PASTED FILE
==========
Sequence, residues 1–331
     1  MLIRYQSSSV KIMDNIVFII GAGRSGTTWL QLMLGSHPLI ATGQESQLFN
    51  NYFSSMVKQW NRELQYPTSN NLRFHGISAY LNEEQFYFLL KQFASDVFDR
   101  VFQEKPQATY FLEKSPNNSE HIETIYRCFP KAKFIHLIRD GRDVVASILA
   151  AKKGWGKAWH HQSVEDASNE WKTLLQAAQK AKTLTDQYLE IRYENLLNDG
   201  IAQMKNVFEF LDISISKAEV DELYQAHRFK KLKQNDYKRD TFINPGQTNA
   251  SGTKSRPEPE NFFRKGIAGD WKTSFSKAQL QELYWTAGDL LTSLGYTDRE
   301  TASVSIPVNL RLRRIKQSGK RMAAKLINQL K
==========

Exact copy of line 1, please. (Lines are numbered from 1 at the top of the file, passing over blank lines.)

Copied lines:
Sequence, residues 1–331